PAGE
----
Generate an API Key

Create a project

We will need to create a project in the Google Developer Console and create an API Key which we can use to call the Google Places API. Ensure that you have signed into your Google account and head over to https://console.developers.google.com/projectselector/apis/library. Click on the button to Create a project.

Give the project a name of Airport Explorer and then click on Create:

Once the project has been created, search for google places, and then click to select Google Places API Web Service:

Next, click on the button to Enable this service:

Create credentials

Once the service is enabled, click on Create Credentials:

Click on What credentials do I need?:

This will create an API Key for you. Copy the API key, as you will need it to call the Google Places API. Finally, you can click on the Done button.

Storing Secrets

Since the Google API Key is secret, we should not be storing it in our source code, and also not in one of our configuration files which may be checked into our source control system at a later stage. Thankfully ASP.NET Core gives us an easy way to manage secrets in our application and allow us to access them through the normal ASP.NET Core configuration service.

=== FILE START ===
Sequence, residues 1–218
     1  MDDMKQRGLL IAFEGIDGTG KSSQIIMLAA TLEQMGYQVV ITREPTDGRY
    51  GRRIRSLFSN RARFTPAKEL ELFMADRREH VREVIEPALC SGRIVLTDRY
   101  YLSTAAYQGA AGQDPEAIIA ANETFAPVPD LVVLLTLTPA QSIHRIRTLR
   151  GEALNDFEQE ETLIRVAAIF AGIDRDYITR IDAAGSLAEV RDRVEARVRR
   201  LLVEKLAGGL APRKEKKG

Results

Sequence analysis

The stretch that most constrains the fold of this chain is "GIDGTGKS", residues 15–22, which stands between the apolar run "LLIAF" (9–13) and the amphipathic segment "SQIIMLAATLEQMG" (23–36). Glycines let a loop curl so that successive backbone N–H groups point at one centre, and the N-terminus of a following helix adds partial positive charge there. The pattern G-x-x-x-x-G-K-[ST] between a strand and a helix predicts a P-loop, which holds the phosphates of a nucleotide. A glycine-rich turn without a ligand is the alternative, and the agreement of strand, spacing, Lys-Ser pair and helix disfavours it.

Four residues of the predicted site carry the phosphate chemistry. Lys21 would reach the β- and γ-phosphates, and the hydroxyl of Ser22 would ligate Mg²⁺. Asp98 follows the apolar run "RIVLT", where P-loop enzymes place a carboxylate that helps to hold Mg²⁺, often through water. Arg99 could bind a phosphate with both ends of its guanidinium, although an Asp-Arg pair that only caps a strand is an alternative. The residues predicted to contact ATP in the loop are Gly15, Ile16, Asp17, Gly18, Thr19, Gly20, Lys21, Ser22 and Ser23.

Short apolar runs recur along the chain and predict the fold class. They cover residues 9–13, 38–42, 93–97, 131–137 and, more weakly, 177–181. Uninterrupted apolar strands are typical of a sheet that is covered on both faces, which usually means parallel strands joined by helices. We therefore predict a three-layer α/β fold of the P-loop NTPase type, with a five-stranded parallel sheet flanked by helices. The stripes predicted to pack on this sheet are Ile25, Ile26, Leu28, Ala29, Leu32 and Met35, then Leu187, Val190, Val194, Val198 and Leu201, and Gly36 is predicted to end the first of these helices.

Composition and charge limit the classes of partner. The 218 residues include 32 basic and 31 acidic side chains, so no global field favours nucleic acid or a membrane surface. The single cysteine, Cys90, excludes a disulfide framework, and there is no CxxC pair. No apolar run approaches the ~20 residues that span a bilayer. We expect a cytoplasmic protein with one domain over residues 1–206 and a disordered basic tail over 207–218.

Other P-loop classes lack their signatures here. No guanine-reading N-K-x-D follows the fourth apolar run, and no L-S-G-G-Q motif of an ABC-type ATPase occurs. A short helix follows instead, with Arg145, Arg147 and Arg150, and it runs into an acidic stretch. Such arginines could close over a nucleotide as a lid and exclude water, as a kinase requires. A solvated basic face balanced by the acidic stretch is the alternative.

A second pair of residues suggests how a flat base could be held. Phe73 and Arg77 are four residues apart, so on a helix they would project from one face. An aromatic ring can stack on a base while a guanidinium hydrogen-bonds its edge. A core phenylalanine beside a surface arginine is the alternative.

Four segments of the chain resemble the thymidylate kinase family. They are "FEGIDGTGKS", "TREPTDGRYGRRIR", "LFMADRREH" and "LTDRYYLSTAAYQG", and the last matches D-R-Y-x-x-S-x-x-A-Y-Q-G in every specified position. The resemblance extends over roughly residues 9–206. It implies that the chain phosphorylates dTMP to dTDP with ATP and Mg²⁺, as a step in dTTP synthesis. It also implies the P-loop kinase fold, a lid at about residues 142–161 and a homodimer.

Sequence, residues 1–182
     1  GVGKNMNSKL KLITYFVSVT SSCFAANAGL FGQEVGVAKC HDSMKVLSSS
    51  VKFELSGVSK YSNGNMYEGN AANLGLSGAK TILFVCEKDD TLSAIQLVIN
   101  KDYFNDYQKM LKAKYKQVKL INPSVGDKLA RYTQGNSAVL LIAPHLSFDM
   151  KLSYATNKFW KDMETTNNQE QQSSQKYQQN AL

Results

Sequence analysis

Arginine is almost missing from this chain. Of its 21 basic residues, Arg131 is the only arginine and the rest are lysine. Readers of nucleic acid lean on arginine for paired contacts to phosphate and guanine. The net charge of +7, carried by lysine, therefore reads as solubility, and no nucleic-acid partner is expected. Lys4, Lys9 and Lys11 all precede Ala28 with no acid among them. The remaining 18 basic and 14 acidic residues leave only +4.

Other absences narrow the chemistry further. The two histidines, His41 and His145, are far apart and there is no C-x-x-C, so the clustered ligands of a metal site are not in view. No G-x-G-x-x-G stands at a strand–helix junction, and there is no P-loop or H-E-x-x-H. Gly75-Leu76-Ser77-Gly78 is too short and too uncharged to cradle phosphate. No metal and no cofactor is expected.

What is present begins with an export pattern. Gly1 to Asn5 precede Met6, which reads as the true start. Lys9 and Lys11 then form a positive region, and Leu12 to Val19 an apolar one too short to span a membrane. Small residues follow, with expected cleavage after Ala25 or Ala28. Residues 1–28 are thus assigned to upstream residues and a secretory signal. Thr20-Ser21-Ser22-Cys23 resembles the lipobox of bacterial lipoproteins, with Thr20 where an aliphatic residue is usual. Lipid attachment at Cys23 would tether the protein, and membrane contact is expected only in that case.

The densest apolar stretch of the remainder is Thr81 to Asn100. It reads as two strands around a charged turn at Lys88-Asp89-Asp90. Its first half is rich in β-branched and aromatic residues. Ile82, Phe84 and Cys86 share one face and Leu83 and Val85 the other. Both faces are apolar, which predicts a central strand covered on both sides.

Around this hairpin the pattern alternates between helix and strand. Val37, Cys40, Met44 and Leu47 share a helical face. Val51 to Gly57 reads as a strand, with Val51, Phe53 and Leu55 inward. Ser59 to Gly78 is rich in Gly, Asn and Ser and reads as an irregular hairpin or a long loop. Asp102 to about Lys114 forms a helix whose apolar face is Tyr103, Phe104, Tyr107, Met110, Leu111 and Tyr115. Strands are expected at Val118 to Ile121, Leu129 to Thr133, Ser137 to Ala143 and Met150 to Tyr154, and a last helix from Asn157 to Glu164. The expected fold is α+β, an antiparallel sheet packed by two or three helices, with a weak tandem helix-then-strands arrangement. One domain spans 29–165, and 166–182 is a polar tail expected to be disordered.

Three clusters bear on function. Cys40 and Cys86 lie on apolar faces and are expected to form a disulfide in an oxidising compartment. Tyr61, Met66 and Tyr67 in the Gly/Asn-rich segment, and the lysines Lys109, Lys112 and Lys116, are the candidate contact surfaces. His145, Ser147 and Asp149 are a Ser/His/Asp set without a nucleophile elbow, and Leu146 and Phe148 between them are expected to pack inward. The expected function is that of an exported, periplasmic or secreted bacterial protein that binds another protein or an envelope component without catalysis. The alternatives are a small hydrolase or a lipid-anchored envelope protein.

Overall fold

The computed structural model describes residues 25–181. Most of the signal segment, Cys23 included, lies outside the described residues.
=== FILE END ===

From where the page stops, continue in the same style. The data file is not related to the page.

In Visual Studio, right-click on the project in the Solution Explorer window, and then select Manage User Secrets….

This will open a secrets.json file which is stored in a secure location on your hard drive and will not ever be accessible to anyone else but you. We can follow a hierarchical structure as we did before when we stored the configuration information for the Mapbox access token.

Let’s create a key named Google and a sub-key under that named ApiKey with the value of the API Key:

{
  "Google": {
    "ApiKey": " AIzaSyAP1b08VzDZkhYoI9hdCEcyzE5PEjyoGC4"
  }
}

To access that value, we can use the same mechanism as before to inject an IConfiguration instance into our class constructor, and then use configuration["Google:ApiKey"] to access the value. Don’t worry about doing that now though - we will get to that later.


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